Slave Theater could be sold to pay judge’s ‘debts’

Judge John Phillips in front of the Slave Theater.
The Brooklyn Paper / Robin Lester

The Slave Theater — a half-century-old Bedford-Stuyvesant institution where generations of kids saw their first movies and Al Sharpton held rallies — may soon be put up for sale, thanks to the county’s epic mismanagement of former Civil Court Judge John Phillips’s dwindling estate.

Phillips — placed in the care of court-appointed guardians in 2001, ostensibly to protect his considerable assets — now owes more than $1 million in taxes to the Internal Revenue Service, according to Phillips’s latest guardian, John Cahill. Cahill now intends to sell as many of Phillips’s three remaining properties to repay the government. He said a sale of the Slave Theater would be a last recourse.

Bedford-Stuyvesant neighbors say the loss of the Slave Theater — which the local Community Board recommended be landmarked in June — would be a tragedy.

“It’s one of the neighborhood’s institutions,” said Councilman Al Vann (D–Bedford-Stuyvesant), who, as a boy, watched black-and-white films there.

Hardy Joe Long, owner of Birdel’s Records and president of the Fulton–Nostrand United Merchants Association, agreed.

“It should have landmarked status, because of the mere longevity it’s been in the community,” said Long, who has frequented the theater, on Fulton Street and Bedford Avenue, since he began watching films there in the 1960s and ’70s.

Phillips bought the property, then called the Regal Theater, in the 1980s. In the 1990s, it became home to black pride rallies led by Alton Maddox and Sharpton.

“It was a stronghold where we could come together and voice our opinions,” said Dee Woodburn, a Phillips supporter. “It’s very significant to the black community.”

Since 1998, it has been shuttered. Phillips reportedly had stopped paying taxes on the property even before he was declared incompetent and his estate turned over to court-appointed guardians. Those guardians let the theater fall into further disrepair and some pillaged the rest of Phillips’s estate.

This whole sad saga might never have been written had the office of District Attorney Charles Hynes not initiated competency hearings in 2001. Critics say Hynes was simply trying to block Phillips, who had threatened to run against him. Hynes has consistently denied such allegations.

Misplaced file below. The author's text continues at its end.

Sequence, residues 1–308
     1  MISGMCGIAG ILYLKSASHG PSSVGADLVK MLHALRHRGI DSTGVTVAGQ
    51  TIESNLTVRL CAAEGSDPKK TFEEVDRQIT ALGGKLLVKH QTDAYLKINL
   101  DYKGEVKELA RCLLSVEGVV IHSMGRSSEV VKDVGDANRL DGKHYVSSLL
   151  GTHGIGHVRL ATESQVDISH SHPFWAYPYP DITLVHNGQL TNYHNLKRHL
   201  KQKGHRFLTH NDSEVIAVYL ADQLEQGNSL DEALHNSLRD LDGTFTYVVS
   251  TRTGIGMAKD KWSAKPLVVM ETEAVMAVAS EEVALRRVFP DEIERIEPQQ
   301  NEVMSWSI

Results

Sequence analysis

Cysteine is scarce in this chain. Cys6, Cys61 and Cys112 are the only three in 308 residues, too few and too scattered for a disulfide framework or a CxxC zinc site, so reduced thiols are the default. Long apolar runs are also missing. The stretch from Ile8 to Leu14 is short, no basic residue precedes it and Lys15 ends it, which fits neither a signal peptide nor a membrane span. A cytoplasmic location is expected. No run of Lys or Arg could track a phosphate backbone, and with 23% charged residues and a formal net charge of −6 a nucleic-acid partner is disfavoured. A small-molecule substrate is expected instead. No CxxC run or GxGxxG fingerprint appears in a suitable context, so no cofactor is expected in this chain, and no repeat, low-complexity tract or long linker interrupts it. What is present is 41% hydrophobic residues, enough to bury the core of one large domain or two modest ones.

But in recent years, Phillips’s supporters have increasingly focused their ire on Pesce, who, among other alleged misdeeds, appointed Cahill’s predecessor, Emani Taylor, to oversee Phillips’s affairs. Hynes is now investigating charges that Taylor absconded with $187,000 from Phillips’s bank accounts.

Now, the Slave may have entered its final chapter.

In August, Cahill told Administrative Judge Michael Pesce that prior guardians had failed to file tax returns for Phillips. Meanwhile, Phillips’s once sizeable estate — at the time of his competency hearing, he owned at least 10 properties in Bedford-Stuyvesant — has dwindled to just three.

In a June 20, 2007 sealed court document, another court-appointed lawyer, Seth Coen, confirmed Cahill’s findings.

“No tax returns were filed [during] the Interim Guardian’s tenure,” wrote Coen. “This will undoubtedly result in interest and penalties being assessed to the detriment of [Phillips’s] estate.”

The IRS said it could not comment on the issue. Pesce did not respond to a request for comment. But Phillips was irate.

“For years now, a lot of people have been trying to steal things from me and lying to me,” said Phillips, 84, who now lives in a Park Slope retirement home.

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